By Jeanne Blackburn | Photography by Jennifer Hughes


Architect Dale Overmyer conceived a home on the Eastern Shore that draws from the farmhouse and barn connection, transforming that architectural vernacular into an elegant modern home.  It came about this way. When Washington, DC-area homeowners became empty-nesters a few years ago, they found themselves in need of a ‘project’.  So, when a friend suggested they consider a second home on the Eastern Shore, they set out to find just the right one. 

Eventually, they found what they were looking for—a peaceful point of land surrounded by water that offered privacy and a connection to nature. Unfortunately, the pre-existing house would not work even if renovated, so they contacted Overmyer and Dennis Hornick of Overmyer Architects. Overmyer had designed their Washington, DC-area home ten years earlier. 

The couple wanted a modern, simple, open home with “fabulous” views, as low-maintenance and energy-efficient as possible. They also wanted a free-standing guest house and a generous space for extended family to come and stay comfortably. They envisioned the home as a weekend getaway for now and possibly a primary residence later. 

Each of their wishes presented a design challenge, explains Overmyer. “The existing house was too small, yet they didn’t want to live in a large house as empty nesters. The challenge of making a large structure more approachable was solved by breaking the house into two parts—farmhouse and barn, that are subtly distinct and also unified. 

“The hope was to double the size of the original structure. However, the 100’ setback buffer allowed only the thinnest connection between old and new structures. Ultimately, it worked well, we were able to create a separate guest building,” he adds. 

With the farmhouse-barn concept in mind, he used horizontal siding on the main structure, which has a welcoming veranda and a variation on the New England shingle-style gambrel roof. Flush vertical, barn-look siding is used on the new guest wing, which has a utilitarian rural character. Casement windows throughout incorporate a popular detail of the current modern farmhouse design. The dark standing seam metal roof unifies both structures and allows for easy attachment of solar panels. 

The hyphen connecting home and modest guest house is significant.  With this form, Overmyer makes visible the ancient connection between farmhouse and barn. Drawing energy from the sun, it serves as a modern conduit between spaces and people, a visible reminder that although families no longer need to hasten to the barn to milk the cows, the human need for connection remains.  

The traditional farmhouse often faced south, to absorb the sun’s warmth and to make it possible to work in natural light. For our modern era, this farmhouse goes one step further, with geothermal air conditioning and radiant in-floor heating, LED lighting, and 36 solar panels. One interesting challenge for Overmyer’s team was how to fit the photovoltaic solar array neatly onto the roof while having it blend with careful sizing and color choices. “Aesthetically, we enjoyed balancing traditional façade compositions with generous modern glazing and a metal roof that would be durable,” adds Overmyer.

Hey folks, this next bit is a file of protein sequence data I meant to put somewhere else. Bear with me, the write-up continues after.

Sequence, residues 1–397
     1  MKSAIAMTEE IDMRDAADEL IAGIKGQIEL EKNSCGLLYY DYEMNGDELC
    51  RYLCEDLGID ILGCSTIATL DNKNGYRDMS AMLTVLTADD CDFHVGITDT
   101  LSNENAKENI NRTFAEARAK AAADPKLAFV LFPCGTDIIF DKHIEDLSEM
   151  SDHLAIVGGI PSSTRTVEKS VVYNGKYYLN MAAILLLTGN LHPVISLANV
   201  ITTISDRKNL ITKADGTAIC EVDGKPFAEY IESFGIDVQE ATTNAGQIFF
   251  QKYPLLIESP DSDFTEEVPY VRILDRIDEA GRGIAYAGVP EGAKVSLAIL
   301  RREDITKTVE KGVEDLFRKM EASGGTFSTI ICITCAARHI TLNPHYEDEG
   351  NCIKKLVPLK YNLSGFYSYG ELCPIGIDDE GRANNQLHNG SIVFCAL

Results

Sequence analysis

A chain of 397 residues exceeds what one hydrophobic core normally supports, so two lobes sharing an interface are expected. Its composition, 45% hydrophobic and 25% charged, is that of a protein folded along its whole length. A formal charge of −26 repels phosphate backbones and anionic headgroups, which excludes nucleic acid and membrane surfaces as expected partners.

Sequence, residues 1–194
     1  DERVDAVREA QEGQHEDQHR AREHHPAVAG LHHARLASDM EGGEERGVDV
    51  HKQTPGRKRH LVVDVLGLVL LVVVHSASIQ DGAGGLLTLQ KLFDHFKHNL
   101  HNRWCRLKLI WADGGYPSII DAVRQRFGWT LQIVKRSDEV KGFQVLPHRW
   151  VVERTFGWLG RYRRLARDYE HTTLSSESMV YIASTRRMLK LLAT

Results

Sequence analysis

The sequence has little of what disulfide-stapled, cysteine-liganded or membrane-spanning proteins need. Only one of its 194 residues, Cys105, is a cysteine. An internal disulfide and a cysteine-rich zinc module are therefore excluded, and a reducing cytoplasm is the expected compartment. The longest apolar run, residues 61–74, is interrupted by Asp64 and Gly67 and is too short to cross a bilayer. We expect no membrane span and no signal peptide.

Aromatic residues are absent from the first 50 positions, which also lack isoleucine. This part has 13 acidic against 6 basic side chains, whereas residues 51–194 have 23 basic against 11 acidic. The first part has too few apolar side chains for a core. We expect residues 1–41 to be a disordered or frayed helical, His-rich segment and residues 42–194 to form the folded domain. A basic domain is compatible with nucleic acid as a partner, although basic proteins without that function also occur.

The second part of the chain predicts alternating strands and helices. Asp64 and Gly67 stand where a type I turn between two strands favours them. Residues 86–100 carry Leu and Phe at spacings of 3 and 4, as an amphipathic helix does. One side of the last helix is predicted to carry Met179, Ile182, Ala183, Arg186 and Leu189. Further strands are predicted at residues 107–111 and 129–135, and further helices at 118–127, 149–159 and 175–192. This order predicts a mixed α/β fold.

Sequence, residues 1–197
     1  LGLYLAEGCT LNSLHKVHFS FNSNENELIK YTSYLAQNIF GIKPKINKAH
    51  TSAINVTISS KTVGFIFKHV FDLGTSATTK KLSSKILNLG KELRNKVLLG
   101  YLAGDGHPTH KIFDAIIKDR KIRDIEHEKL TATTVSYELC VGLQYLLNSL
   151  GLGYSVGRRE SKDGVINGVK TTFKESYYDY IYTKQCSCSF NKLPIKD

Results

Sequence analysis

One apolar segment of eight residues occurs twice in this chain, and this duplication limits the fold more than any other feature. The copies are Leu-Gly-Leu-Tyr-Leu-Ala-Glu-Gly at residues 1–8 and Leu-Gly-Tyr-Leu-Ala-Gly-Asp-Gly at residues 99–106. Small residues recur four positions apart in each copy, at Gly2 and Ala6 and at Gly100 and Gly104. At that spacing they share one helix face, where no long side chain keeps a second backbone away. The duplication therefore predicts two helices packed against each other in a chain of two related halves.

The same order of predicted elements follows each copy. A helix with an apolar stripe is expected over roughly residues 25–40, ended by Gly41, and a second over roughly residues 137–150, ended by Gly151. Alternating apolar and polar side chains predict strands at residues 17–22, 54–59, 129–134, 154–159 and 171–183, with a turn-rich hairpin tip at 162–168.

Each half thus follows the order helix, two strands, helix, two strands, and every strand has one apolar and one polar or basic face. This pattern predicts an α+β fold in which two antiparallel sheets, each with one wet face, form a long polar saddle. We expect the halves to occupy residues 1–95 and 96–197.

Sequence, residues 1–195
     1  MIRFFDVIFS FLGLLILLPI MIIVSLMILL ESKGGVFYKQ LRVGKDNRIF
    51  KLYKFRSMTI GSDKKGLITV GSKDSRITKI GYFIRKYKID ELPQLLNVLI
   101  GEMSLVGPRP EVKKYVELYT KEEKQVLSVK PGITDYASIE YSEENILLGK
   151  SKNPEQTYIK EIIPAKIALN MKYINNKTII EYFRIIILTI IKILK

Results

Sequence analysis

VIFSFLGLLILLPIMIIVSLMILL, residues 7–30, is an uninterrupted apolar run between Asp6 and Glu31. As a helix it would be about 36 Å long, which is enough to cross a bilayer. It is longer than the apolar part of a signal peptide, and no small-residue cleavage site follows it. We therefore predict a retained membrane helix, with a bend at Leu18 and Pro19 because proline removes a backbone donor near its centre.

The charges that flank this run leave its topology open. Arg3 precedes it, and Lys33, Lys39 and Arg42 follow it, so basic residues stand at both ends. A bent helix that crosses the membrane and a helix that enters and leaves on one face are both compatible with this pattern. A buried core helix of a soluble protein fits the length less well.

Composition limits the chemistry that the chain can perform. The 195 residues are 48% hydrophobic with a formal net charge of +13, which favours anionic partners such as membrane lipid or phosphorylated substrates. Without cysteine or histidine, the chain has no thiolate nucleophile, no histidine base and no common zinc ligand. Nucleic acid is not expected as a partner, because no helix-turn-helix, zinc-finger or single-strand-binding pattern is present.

The arrangement produces about 2000 kilowatt-hours a month—almost enough to sustain the home. In fact, on days when the house is vacant, it generates more electricity than it uses and actually contributes to the electric grid. 

The final design incorporates family living, study, kitchen, and dining spaces on the main level, with the spacious master suite upstairs. Connecting the two structures with the breezeway allows them to live in them separately or together, as two small houses for one large family. From the homeowners’ perspective, “We wanted to make sure that the house would incorporate spacious, thoughtfully-designed guest spaces, so each little guest ‘suite’ has its own mini-kitchen.” 

In essence, they built the house around the views. The outsized custom windows, open floor plans, floating staircases, and unobtrusive pocket doors done in minimal finishes and light colors keep the space unconstrained and enhance the homeowners’ contemporary art collection. “While we always say that the house was built around the views, it was also built around the art: in one instance eliminating a window to accommodate a very large oil painting,” says the homeowner.

With flowing spaces, energy-efficient systems, stunning vistas, and a special guest house, the homeowners are pleased. “Whether it’s just the two of us or our entire extended family, this is exactly what we had hoped for in a weekend home: a conducive site for celebratory family gatherings,” the homeowner concludes. 

As prevailing zoning restrictions meant that the guest house could not be built as a free-standing structure as the homeowners had envisioned, the architect’s idea to connect the guest house to the main house via a glass-enclosed corridor resulted in a distinctive design. “This turned out to be a wonderful solution, becoming both a beautiful design feature and a really convenient connection between the guest spaces, garage, and main house,” say the homeowners. Happily, it is an update of a concept that has kept families connected to each other—and to the land—for centuries. 



ARCHITECT: Dale Overmyer, AIA; Dennis Hornick, Overmyer Architects,, Washington, DC  |  INTERIOR DESIGNER: Carrie Higginbotham, Houselife Inc.,, Great Falls, Virginia


© Annapolis Home Magazine
Vol. 12, No. 4 2021